Albert Franklin Banta

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Albert Franklin Banta (December 18, 1843 – June 21, 1924) was an American newspaperman, politician, jurist, and army scout. As a scout, he was a member of the Wheeler Survey and assisted General George Crook during the Apache Wars. Banta was influential in the creation of Apache County, Arizona and later represented the county in the Arizona Territorial Legislature. As a newspaperman, he started and operated a number of papers throughout Arizona Territory.

For roughly two decades he used the assumed name Charles A. Franklin instead of his birth name.

Biography[edit]

Banta was born to John and Phydelia (or Fidelia) Banta on December 19, 1845, in Warrick County, Indiana. His family moved to Wisconsin in 1848. His formal education ended at age 11.[1] There is no record he ever married.[2]

At the beginning of the American Civil War, Banta served as a "Three Month Volunteer" in the Missouri State Militia.[3] Following his enlistment, he went to work for the Kansas Tribune. On a trip to Kansas City, Missouri, he was arrested by Union soldiers and accused of being a Confederate spy in the service of William Quantrill. Though released, he apparently took umbrage at the treatment he had received.[1] He left his job and worked as a bullwacker from Fort Leavenworth to Santa Fe.[2] About this time he began using the name Charles A. Franklin.[1]

Franklin arrived in Albuquerque on June 20, 1863. He worked briefly for the Rio Abajo Press,[1] then joined the 1st California Volunteers.[4] In this role he served as a teamster escorting Governor John Noble Goodwin's party to the newly formed Arizona Territory.[2][3] Shortly after his arrival in the Chino Valley, he assisted Editor Tisdale A. Hand in producing two editions of the Arizona Miner, on a press brought to the territory by Richard C. McCormick.[4][3] He also worked as a cowboy for R. E. Farrington and traveled extensively through the territory, keeping a record of his wanderings in a personal journal. His knowledge of the region prompted the military to employ him as a scout.[4]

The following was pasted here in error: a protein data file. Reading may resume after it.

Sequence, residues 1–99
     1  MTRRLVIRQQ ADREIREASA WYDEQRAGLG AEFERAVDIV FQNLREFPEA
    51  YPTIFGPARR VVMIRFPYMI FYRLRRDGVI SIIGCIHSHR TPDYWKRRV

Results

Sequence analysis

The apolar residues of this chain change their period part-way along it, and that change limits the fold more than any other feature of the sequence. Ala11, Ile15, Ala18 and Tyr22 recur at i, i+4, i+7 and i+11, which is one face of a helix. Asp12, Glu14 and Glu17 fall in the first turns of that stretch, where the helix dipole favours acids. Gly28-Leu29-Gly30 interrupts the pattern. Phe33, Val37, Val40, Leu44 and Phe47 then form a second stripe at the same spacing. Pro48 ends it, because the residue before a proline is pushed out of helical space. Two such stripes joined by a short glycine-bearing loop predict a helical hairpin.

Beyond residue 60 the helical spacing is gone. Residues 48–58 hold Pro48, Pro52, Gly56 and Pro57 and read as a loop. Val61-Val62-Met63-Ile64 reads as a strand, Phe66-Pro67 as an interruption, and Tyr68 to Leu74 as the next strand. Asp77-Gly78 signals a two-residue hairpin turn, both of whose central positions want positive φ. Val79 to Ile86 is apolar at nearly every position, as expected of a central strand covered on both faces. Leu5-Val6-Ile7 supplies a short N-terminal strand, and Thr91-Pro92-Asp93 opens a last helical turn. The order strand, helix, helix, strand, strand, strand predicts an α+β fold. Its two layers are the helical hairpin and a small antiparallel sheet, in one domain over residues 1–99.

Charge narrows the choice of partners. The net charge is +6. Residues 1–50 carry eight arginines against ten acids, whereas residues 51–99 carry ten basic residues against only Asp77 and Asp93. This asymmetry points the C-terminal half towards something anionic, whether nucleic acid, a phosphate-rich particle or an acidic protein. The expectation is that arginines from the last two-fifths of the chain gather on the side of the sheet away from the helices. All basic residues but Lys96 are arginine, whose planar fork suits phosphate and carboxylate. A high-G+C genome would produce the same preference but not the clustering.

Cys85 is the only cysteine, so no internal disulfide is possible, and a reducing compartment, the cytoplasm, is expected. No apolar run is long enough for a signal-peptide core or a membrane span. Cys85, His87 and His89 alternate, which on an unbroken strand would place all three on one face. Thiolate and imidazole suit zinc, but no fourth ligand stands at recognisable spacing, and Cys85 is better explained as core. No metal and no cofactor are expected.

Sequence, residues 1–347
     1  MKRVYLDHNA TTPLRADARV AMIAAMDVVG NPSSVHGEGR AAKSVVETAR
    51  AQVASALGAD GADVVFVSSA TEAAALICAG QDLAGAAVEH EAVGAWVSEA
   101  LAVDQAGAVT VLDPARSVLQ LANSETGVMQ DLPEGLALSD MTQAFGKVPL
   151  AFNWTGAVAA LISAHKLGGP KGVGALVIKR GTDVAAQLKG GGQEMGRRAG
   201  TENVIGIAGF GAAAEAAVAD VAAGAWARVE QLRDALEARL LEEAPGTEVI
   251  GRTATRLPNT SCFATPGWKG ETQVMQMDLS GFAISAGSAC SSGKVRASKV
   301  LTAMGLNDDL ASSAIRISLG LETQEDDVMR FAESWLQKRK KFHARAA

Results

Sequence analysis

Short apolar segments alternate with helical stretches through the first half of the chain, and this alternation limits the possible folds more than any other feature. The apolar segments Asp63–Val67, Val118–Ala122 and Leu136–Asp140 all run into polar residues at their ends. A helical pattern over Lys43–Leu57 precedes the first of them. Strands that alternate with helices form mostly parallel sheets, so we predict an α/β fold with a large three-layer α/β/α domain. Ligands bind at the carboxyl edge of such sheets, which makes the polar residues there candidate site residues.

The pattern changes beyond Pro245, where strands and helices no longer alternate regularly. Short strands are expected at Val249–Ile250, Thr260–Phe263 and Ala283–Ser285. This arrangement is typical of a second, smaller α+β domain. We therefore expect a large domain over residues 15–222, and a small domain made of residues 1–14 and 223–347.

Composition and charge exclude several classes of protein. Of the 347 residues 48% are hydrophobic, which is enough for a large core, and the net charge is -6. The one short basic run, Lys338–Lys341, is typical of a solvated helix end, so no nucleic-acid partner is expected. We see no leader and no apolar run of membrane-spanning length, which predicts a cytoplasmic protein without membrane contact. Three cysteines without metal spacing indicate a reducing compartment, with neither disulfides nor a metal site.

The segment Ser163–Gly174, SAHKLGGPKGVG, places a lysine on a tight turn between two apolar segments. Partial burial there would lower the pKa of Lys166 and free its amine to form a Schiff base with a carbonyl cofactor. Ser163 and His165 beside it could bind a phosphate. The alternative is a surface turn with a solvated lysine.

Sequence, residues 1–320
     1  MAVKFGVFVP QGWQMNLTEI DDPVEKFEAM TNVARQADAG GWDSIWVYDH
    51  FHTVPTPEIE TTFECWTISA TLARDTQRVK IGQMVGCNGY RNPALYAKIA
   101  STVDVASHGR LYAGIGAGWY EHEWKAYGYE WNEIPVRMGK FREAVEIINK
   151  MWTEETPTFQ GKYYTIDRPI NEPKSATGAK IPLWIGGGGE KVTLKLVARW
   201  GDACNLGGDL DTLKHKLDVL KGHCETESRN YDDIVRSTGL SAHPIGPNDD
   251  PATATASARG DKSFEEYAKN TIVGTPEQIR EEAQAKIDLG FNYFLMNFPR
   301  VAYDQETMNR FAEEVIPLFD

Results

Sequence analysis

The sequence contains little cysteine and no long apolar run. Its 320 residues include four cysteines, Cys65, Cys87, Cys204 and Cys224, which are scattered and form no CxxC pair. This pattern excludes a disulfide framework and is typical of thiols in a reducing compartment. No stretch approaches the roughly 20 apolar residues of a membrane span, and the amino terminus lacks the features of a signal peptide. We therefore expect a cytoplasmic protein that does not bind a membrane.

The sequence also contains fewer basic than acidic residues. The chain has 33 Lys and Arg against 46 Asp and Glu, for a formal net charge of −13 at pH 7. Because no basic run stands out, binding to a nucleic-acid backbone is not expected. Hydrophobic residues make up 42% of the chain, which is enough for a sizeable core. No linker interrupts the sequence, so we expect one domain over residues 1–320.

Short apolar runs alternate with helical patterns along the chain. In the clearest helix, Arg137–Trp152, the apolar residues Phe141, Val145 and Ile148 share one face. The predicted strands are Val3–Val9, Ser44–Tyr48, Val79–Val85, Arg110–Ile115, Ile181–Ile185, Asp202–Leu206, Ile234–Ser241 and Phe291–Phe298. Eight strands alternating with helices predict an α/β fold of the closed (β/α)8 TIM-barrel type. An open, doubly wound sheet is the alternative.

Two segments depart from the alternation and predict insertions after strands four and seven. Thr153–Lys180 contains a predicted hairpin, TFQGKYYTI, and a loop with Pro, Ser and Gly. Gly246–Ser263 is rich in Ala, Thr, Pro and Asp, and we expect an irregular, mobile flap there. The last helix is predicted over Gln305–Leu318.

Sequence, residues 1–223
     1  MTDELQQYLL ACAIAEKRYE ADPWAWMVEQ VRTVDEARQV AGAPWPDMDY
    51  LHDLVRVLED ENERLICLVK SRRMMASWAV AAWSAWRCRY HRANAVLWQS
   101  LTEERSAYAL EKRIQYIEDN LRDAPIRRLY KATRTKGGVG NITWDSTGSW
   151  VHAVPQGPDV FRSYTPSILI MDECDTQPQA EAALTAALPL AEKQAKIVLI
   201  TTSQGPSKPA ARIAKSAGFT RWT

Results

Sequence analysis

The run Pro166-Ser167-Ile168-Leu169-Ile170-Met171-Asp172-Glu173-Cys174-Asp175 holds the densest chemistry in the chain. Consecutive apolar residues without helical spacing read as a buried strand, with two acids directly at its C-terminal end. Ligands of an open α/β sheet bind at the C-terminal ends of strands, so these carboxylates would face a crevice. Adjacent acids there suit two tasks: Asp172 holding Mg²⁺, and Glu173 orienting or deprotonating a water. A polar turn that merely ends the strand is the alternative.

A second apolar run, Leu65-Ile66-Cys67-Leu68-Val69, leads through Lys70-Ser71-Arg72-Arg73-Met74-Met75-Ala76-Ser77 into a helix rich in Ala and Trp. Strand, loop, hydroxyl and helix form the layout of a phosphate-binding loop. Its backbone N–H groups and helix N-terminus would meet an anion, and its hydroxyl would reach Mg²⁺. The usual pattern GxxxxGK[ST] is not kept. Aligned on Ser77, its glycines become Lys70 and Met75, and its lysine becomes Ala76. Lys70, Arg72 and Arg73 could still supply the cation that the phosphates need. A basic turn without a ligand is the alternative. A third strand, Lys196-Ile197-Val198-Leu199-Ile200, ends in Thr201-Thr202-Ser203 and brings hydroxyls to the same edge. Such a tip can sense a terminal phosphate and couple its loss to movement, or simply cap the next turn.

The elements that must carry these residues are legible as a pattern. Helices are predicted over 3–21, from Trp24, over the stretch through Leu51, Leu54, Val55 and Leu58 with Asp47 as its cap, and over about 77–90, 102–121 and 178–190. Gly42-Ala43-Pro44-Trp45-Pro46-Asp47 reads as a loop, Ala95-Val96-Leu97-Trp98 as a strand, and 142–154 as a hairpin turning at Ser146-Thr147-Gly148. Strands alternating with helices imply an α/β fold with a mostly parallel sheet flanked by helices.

Though a Democrat, Franklin served as an aid to Governor McCormick with the rank of colonel.[2] In the late 1860, lacking funds for a new set of boots, he acquired the nickname "Buckskin Charley" after making himself a set of moccasins and a buckskin suit.[4]

In 1869, Franklin was a constable in Wickenburg. He moved to Tucson in January 1871, working there for the Arizona Citizen. He continued to serve as a scout and guide, assisting General George Crook during the Apache Wars.[1] In 1871 he was a member of the Wheeler Survey, and served as its chief guide in 1873.[5] In 1873 he was credited with the discovery of Meteor Crater‍—‌for a time called "Franklin's Hole".[3][5]

After leaving Tucson, Franklin was a sub-Indian Agent at Fort Grant. His work as a guide led him to Yuma, and from there he took a steamer to California. There he worked for a short time at the San Diego Union before returning to Arizona Territory.[4]